Transition Edge Cameras for Fast Optical Spectrophotometry
When one spends 108–8.5 euros on a large aperture telescope, it behoves one to make maximal use of the photons concentrated at the focus. One popular path is to use very large focal plane arrays, for a high multiplex advantage; this is a natural driver in extragalactic survey science. The other avenue to efficiency applies to single source science, where a large field of view is not necessary, but energy resolution over a broad wavelength range, high time resolution and, possibly, polarization measurements wring maximum benefit from the collected photons.
Cryogenic energy-resolving sensors are proving to be promising detectors for many areas of astronomy. Significant astronomical observations have, in fact, already been made using two detector schemes: Superconducting Tunnel Junction (STJ) and Transition-Edge Sensor (TES). TES instruments, in particular, have found application as bolometric detectors from the sub-mm to the hard X-ray range. We focus here on TES applications in the near IR through UV, reviewing the basic technology and describing current work toward effective imaging arrays. A TES camera using such arrays can address the need for broad-band single source efficiency at large telescopes noted above. A review of early test observations and a description of a few science goals are presented to illustrate this potential.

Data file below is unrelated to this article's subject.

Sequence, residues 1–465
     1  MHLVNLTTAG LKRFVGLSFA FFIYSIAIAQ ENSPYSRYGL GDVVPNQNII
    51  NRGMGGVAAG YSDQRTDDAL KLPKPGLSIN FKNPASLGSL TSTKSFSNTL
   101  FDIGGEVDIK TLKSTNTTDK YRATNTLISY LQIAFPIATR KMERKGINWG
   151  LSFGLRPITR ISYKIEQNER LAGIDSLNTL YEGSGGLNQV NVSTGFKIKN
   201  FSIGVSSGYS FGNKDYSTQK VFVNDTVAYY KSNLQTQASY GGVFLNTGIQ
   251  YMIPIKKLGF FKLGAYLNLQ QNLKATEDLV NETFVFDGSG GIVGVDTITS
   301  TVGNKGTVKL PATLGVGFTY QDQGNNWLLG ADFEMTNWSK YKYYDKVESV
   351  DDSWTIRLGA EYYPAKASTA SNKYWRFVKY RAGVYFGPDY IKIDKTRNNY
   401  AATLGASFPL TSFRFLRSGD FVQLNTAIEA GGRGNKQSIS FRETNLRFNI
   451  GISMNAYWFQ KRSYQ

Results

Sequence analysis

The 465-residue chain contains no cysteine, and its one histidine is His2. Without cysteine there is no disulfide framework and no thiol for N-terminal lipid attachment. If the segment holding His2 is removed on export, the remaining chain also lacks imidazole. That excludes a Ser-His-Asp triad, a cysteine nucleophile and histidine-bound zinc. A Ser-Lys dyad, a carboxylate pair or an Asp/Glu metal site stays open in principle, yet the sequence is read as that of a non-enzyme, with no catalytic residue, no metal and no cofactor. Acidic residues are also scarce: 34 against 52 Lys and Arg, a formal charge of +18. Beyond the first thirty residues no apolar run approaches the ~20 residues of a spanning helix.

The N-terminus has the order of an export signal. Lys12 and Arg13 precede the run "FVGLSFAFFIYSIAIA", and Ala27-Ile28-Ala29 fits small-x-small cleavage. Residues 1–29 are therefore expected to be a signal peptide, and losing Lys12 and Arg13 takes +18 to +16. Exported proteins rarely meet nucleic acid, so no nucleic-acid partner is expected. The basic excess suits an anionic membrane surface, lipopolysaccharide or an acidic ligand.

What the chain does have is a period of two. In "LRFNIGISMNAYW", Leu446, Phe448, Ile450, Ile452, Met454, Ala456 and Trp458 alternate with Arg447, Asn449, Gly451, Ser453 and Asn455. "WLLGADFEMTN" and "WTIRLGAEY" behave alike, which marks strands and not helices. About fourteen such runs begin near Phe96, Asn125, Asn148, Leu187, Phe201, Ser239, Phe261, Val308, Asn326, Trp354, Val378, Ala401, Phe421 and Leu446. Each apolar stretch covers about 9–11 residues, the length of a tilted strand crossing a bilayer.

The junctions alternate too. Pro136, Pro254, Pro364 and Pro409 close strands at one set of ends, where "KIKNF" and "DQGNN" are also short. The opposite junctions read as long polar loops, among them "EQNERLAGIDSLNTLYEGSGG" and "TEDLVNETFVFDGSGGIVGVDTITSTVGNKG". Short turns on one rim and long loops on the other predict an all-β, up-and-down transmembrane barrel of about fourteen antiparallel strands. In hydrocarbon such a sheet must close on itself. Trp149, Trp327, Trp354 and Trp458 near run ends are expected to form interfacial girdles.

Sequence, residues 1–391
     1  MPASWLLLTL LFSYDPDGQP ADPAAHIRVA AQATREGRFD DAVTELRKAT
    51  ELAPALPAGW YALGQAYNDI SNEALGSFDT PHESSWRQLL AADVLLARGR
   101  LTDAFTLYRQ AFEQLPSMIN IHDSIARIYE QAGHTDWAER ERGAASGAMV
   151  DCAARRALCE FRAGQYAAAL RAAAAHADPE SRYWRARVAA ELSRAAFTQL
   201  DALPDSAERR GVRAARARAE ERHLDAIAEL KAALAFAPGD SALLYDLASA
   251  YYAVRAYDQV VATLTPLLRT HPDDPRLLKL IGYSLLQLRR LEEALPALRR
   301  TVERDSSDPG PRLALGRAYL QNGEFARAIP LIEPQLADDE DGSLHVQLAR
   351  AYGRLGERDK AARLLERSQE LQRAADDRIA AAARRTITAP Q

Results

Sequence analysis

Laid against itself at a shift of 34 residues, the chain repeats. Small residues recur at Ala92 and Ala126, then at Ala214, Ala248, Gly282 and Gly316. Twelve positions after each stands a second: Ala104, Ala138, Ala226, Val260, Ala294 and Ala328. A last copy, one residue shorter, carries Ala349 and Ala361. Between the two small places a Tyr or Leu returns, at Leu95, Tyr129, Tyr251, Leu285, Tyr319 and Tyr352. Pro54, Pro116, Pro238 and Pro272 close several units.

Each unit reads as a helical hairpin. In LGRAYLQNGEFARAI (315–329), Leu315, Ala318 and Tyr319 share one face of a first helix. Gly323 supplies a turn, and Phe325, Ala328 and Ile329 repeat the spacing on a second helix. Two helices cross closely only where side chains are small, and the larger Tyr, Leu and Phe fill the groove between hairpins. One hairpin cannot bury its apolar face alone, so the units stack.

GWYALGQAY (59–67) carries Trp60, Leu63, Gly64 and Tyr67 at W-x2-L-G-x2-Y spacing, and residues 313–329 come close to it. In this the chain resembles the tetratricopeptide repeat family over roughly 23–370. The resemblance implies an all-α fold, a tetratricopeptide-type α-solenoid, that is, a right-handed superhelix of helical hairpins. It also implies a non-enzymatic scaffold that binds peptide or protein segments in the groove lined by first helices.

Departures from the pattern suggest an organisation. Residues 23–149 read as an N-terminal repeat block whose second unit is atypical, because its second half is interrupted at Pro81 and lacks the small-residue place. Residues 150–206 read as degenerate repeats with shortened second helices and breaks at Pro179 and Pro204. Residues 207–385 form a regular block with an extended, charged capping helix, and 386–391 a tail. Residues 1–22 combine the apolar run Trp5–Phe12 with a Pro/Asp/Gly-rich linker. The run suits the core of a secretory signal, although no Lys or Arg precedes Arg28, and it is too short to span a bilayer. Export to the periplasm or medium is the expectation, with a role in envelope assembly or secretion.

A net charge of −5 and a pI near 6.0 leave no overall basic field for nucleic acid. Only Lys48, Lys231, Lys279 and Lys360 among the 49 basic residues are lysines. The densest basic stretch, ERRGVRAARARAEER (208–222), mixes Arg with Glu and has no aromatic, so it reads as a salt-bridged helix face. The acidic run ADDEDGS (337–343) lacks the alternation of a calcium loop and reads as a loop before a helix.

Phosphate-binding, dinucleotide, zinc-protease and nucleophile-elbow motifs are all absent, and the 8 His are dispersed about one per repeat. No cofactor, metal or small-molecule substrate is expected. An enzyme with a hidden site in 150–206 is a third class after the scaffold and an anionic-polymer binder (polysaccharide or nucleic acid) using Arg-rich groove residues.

KeywordsEnergy Resolution White Dwarf Transition Edge Sensor Dilution Refrigerator Large Telescope
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